“What the government is good at is collecting taxes, taking away your freedoms and killing people. It’s not good at much else.” ~ Tom Clancy
Warning: This post discusses the political ideas presented in the video game ‘The Division.’ If you can’t handle talking about politics and video games at the same time, this is probably a post you should avoid. Otherwise, come on in and let’s discuss.
In The Division you play as an elite government Agent “activated” after the events of Black Friday—the day terrorists release a devastating viral attack on New York City. Since then, the world has begun to crumble, with other major cities hit by the virus.
Before being activated, the Division’s Agents were just normal people living in society secretly. Not even their families knew that they were part of a secret elite force. Division Agents are America’s fail-safe, secret anti-terrorist sleeper cells to call on in the most desperate crisis.
When you, the player, get to the city you pretty quickly stumble upon looters. I came upon two men scavenging what appeared to be a corpse. They registered as bad guys and I started shooting. It turns out that as Division Agents your job is pretty much one thing and one thing only: To go out and kill criminals, looters, and other vagabonds and ne’er-do-wells.
This is peculiar to me. These aren’t enemy forces you’re encountering. These aren’t the terrorists who set the virus into the wild. These are American citizens trying to make it, trying to survive, in a post-apocalyptic world. The government’s response to this is to go kill everything that moves and carrying a gun.
Yes, I know, it’s just a video game. And yes, these bad guys shoot at you also. But if you were an armed US Citizen and you knew that the government was sending elite agents with a license to kill, no questions asked, you’d probably start shooting on sight also. This is no way to broker a peace or “retake” a city in crisis. There’s not even an option to arrest bad guys, or use diplomacy.
Perhaps this is in-line with Tom Clancy’s own hawkish views, and predictable because of them. Clancy’s video games, like his books, tend to filter the world through a black and white lens. There are the good guys and there are the bad guys, and ultimately the forces of good will triumph over those of evil, if we’re vigilant enough and brave enough and willing to make the hard, but obviously just, choices.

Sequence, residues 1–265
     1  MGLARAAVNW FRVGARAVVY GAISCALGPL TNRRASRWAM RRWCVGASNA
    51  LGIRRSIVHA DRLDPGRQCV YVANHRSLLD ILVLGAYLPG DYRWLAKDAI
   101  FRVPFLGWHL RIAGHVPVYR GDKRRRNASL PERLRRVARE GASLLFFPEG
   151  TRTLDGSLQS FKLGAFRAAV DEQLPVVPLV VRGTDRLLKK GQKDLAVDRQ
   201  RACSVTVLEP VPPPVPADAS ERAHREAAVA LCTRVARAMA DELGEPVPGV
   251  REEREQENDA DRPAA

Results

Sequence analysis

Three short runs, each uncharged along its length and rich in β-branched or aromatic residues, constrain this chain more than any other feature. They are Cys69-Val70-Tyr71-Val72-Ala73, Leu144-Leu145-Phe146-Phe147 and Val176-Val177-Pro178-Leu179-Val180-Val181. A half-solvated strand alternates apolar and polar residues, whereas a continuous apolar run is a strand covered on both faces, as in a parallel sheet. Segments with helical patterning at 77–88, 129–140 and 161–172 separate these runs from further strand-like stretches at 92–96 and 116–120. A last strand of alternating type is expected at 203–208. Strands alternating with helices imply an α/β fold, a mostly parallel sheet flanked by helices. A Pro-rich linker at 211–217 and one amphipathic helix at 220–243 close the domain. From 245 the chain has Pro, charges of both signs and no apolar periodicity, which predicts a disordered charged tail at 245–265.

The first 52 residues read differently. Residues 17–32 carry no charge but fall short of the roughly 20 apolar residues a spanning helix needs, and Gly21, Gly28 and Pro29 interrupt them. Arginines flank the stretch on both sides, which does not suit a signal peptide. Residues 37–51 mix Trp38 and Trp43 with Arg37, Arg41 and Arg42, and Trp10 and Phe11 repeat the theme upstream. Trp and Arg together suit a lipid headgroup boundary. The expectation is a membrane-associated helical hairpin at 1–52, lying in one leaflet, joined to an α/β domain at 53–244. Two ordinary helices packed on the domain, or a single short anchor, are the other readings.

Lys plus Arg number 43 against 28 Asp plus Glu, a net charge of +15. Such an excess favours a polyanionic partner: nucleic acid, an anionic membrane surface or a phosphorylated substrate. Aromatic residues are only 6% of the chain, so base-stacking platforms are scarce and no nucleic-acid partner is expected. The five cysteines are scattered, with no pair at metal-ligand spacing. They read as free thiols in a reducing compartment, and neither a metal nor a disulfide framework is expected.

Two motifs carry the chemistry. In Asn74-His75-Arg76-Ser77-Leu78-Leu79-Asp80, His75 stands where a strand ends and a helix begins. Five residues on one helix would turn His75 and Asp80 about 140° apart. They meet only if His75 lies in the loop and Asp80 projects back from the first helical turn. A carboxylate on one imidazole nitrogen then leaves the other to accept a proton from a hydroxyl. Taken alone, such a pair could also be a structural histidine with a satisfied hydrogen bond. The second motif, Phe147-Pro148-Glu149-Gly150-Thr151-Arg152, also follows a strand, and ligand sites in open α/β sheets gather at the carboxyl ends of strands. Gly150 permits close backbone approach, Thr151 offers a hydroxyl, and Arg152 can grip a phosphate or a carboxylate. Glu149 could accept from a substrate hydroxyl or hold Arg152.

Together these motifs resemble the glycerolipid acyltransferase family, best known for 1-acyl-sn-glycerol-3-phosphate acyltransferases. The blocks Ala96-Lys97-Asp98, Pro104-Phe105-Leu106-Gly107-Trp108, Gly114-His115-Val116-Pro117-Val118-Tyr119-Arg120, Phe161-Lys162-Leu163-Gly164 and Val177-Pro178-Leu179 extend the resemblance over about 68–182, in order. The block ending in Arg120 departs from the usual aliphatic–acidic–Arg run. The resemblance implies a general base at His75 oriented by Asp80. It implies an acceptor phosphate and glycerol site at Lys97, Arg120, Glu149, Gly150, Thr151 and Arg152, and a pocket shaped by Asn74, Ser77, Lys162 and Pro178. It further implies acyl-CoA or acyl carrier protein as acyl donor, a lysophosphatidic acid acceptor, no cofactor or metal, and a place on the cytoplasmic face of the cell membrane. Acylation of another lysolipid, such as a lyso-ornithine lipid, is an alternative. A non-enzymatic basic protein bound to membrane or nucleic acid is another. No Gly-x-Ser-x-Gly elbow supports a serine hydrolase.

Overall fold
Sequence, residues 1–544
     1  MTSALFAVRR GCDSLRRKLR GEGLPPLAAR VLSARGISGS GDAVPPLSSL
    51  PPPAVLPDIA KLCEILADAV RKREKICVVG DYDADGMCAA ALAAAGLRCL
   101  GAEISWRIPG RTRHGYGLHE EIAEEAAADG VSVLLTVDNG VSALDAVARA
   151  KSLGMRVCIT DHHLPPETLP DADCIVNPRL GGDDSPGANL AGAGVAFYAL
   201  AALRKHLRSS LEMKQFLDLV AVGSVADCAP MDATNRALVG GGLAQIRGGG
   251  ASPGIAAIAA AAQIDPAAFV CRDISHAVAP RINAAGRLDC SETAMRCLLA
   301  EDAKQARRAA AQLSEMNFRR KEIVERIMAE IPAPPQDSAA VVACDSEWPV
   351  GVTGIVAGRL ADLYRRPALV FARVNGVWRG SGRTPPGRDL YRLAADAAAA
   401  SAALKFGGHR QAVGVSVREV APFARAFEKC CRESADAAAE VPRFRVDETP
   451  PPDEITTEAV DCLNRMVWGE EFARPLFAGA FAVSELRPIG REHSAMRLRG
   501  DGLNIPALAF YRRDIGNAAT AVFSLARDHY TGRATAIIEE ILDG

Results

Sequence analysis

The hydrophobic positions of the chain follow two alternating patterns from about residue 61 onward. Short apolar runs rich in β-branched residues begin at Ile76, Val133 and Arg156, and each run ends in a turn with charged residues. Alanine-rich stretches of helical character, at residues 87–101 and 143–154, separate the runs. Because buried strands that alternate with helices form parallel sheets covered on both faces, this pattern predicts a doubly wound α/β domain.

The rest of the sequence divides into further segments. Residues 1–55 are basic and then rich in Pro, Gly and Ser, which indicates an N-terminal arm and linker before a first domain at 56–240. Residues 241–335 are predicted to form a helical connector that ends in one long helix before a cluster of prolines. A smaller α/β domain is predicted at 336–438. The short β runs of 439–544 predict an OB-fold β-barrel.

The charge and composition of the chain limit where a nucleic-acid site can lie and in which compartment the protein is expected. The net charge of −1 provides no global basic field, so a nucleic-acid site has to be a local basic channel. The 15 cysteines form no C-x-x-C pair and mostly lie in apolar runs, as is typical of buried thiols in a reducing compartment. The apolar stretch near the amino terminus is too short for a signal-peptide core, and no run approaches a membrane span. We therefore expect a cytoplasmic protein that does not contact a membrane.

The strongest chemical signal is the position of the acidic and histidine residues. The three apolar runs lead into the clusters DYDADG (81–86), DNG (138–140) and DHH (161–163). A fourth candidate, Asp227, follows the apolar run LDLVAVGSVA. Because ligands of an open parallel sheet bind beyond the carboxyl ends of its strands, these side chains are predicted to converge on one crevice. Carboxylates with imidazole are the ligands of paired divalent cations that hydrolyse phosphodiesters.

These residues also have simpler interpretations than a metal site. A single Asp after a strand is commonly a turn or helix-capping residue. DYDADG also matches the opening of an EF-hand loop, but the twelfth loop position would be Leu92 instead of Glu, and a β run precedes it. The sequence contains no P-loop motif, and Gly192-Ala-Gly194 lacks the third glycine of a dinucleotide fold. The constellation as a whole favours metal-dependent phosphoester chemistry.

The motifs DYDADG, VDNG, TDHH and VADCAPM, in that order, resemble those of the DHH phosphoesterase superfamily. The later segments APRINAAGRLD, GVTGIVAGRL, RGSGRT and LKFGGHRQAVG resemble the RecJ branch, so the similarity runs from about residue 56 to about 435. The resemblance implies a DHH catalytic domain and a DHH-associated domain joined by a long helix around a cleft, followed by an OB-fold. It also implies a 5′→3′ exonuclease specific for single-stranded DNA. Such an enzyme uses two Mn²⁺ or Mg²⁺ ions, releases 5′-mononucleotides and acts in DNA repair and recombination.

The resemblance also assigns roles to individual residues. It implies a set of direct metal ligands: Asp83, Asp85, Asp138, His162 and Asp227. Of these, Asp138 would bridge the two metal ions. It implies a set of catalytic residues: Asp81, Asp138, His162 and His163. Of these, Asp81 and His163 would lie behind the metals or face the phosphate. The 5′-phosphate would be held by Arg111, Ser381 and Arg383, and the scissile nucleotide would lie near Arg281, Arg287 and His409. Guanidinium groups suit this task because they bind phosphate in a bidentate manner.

When you’re fighting against terrorists, pulling the trigger is easy. Same when you’re fighting against alien hordes or demons. When you’re going into New York City and shooting guys in hoodies, I find the whole affair a bit more troubling. I’m not saying it’s explicitly racist or that video games either do or must represent the realities of our own world. I’m merely pointing out that the game’s message is fairly clear: The proper response to a crisis of this scale is to send government agents by the drove into the crisis area to take out anyone with a gun. The military itself isn’t enough—we, as players, are constantly flattered by the game’s NPCs who remind us incessantly that if we hadn’t shown up things would have gone very badly—and so special, elite Agents must take the field to kill and ask no questions and take no prisoners.
This is a pretty dystopian vision of a future crisis, one that relinquishes ideals of democracy and human rights in favor of a brash and unthinking militarism. It might make for a fun video game (I’m still playing, still on the fence about that) but it’s a weird glorification of the biggest, most violent sort of government.
When we first signed the Patriot Act into law, many observers rightly worried about what it meant for individual liberty, about the potential advent of a surveillance state. In the intervening years, our police forces have only grown more and more militarized. I don’t want the government to have this kind of power, even in a crisis when most would agree governments sometimes do need to take on a more active and ruthless role at times. The power to kill on sight, to ignore our entire justice system, to wage war against American citizens. That’s not the America of the Founding Fathers, it’s the America of gross authoritarianism.
I’m not saying you play as a bad guy in The Division, but I’m not going to say you’re a good guy either, no matter how many NPCs tell me what a hero I am for killing all these people.
This article was written by Erik Kain from Forbes and was legally licensed through the NewsCred publisher network.
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